We aim to give the best service we can and we think our prices are pretty good too. We do things a little different to others, for example we'll supply you with a container any size you like up to 40ft, We’re up front with prices too, as we want to give you a fair deal.
For storage and other non-shipping applications other sizes are created by cutting down larger containers to the required size. The most common cut-down sizes are 8ft (2.44m), 12ft (3.66m), 16ft (4.88m), 24ft (7.32m) and 32ft (9.75m). Other bespoke sizes can also be manufactured to order. Take a look at our Shipping Container Conversions page for more conversion ideas - on how you can modify your container.
A standard container is typically 8ft 6inches (2.59m) high.
High Cube Containers are typically 9ft 6inches (2.90m) high.
The most common height of a container is 8ft 6ins (2.59m), though 9ft 6ins (2.90m) high containers are becoming increasingly common. In the past 8ft high (2.44m) was very common and there are some containers 9ft (2.74m) available but these are rare.
The standard width of a container is 8ft (2.44m). To accommodate some types of pallet, particularly in Europe 2.5m (8ft 2.4") wide containers are available though are less commonly available to buy on the second-hand market.
The sides of a container are in nearly all cases, corrugated. The depth of the corrugation is usually 1 inch (25mm), which means that 2 inches (50mm) is lost from the external width dimension. The back (blank end) is also corrugated and the doors are around 2 inches (50mm) thick meaning that approximately 3 inches (75mm) is lost from the length.
The main reduction from external to internal dimensions is with height. The floor of a standard container has an underside clearance of approximately 6 inches (150mm) and the floor has a thickness of 27mm (1.1 inches). As the roof is corrugated another 1 inch (25mm) is lost resulting in an internal dimension of around 8 inches less than external – 7ft 10 inches (2.39m), though this can vary slightly either way.
Through the door height is further reduced because of the steel top rail above the door which is a part of the structural integrity of the container which is 4 inches (100mm) thus reducing the entrance height to 7ft 6ins (2.28m), though this can vary slightly either way.
There are three relevant weights, the Tare Weight, the Gross Weight and the Payload. These are painted onto the outside of the container doors when it is in shipping service or before it has been repainted for another application.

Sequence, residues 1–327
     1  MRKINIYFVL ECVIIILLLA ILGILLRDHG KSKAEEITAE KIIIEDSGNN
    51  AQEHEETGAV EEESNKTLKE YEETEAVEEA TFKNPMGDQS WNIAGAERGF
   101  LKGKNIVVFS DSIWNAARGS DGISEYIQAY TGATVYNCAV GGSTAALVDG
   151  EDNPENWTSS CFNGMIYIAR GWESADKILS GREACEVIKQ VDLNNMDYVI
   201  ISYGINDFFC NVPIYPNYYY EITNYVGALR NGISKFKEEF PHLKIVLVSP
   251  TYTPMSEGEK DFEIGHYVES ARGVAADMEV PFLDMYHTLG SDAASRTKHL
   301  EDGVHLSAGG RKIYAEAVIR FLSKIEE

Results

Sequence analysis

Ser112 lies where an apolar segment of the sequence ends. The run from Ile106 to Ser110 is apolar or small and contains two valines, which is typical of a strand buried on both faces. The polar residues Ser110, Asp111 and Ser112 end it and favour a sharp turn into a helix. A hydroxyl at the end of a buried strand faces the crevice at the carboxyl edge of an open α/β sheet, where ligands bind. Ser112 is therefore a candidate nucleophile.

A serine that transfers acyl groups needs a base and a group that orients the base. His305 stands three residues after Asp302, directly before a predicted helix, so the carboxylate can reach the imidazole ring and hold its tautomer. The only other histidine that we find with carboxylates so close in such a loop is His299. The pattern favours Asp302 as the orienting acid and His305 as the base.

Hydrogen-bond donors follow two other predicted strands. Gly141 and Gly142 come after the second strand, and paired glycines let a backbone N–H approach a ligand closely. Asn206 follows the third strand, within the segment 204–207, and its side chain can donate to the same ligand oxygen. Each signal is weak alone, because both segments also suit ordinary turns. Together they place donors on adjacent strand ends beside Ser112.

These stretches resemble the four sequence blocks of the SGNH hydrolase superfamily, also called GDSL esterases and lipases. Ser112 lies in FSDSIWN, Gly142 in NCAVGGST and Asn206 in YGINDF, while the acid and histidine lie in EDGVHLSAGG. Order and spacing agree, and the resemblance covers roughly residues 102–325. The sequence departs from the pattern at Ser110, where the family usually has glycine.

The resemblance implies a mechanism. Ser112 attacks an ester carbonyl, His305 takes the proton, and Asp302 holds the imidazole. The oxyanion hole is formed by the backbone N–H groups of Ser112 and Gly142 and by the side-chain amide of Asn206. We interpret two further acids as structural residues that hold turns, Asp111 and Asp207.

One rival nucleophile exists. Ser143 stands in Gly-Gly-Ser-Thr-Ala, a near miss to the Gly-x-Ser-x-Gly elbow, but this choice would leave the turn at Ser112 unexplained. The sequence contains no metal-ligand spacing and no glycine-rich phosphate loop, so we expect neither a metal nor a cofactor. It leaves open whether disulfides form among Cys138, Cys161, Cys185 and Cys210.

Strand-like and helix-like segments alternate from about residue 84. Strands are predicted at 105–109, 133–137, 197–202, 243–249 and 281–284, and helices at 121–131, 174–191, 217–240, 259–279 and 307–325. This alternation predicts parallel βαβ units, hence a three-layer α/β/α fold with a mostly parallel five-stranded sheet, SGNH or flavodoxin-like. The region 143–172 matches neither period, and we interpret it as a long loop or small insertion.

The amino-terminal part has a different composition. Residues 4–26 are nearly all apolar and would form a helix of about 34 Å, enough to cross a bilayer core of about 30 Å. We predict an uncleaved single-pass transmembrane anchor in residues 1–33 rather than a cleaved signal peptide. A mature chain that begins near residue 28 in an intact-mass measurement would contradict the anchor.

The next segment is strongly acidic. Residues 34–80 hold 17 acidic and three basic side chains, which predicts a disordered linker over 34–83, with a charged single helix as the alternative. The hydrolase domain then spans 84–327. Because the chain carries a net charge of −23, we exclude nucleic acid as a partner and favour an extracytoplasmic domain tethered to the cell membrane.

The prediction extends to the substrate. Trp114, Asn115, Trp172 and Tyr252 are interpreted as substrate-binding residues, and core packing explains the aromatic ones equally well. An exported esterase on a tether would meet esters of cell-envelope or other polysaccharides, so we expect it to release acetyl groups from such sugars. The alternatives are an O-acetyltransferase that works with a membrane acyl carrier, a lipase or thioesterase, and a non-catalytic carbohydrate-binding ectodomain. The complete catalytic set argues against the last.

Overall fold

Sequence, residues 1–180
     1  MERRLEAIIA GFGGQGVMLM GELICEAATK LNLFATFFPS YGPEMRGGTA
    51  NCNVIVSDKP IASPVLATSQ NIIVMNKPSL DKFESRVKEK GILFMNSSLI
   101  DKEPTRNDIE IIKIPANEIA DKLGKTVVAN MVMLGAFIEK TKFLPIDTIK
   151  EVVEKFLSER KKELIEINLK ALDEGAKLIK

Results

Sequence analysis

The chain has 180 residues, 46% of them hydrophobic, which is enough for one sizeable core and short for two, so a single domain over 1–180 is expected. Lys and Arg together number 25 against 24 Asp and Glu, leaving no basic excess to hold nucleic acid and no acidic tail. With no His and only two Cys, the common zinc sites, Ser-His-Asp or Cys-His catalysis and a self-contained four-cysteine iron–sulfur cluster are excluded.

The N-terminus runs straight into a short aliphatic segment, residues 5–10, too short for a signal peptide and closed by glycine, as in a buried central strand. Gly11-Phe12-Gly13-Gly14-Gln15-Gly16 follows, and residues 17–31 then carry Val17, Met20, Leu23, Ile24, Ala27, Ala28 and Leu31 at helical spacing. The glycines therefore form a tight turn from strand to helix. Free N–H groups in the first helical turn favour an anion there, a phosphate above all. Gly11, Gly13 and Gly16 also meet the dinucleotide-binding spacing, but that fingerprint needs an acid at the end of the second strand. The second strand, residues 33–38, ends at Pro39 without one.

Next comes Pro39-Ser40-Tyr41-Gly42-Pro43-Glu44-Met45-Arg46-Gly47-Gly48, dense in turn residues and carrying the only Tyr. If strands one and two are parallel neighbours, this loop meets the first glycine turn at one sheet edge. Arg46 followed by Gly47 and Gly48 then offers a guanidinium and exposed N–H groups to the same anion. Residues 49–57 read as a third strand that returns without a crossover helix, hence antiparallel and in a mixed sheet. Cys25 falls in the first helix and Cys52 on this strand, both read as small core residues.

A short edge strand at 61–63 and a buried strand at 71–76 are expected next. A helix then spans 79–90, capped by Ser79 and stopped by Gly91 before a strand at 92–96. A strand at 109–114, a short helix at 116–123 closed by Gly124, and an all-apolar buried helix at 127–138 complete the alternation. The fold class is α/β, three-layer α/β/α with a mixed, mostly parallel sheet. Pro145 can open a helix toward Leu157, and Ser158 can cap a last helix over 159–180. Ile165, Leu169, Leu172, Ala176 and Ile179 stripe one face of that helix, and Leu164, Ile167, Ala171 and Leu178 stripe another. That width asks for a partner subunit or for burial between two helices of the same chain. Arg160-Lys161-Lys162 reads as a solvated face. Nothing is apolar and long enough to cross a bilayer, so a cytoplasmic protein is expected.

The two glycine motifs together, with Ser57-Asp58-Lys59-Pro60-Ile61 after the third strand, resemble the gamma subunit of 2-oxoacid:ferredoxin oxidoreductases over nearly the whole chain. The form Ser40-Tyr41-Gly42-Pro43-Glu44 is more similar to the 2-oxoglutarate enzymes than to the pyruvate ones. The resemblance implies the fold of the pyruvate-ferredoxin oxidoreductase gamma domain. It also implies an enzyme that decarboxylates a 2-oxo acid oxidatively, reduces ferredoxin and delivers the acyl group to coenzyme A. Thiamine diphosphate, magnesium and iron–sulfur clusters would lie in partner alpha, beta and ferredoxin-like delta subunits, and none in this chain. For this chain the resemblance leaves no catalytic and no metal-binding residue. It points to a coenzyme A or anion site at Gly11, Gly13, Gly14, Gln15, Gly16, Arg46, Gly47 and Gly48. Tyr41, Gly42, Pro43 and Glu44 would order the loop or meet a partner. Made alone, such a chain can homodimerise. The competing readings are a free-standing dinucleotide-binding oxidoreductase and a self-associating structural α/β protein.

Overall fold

|Typical Weights of Standard Shipping Containers|
|Max Gross Weight||11,300kg||30,480kg*||30,400kg|
|Payload (or Net Weight)||10,000kg||28,310kg||26,730kg|
*The most common alternative for 20fts is 24,000kg for stores manufactured to a lower specification.
Note that cut-down containers cannot hold the same weight when lifted as a standard container because the structure of the container has been altered. The container modification company should be able to supply details of capacities and advise if their design has been weight tested for lifting.
|Typical Cubic Capacities of Standard Shipping Containers|
|Cubic Capacity||15.95 cu m||33.2 cu m||67.59 cu m|
|563.3 cu ft||1,170 cu ft||2,387 cu ft|
Containers are designed to carry cargo. They are designed to be lifted vertically from above by cranes and transferred from ship to shore and between other forms of transport such as trains and lorries. Therefore they need to have strength in the top corners where they are engaged by the twistlocks of a container lifting crane. The corner castings in the top corners of the container are therefore points of strength.
The strength is transferred down through the corner posts to the corner castings at the bottom and then through the floor. The floor is constructed of steel cross members approximately 6 inches (150mm) deep, which are approximately 20 inches (508mm) apart and give transverse strength and support the floor. The cross members are welded at each end to longitudinal beams which run the length of the container between the corner castings. This all means that the strength of a container lies within the corner posts and the floor. Structural alterations or damage to these components will weaken the container.
The information contained here is for guidance only. ContainerContainer do not accept any responsibility for any loss or damages resulting from use or interpretation of this information.
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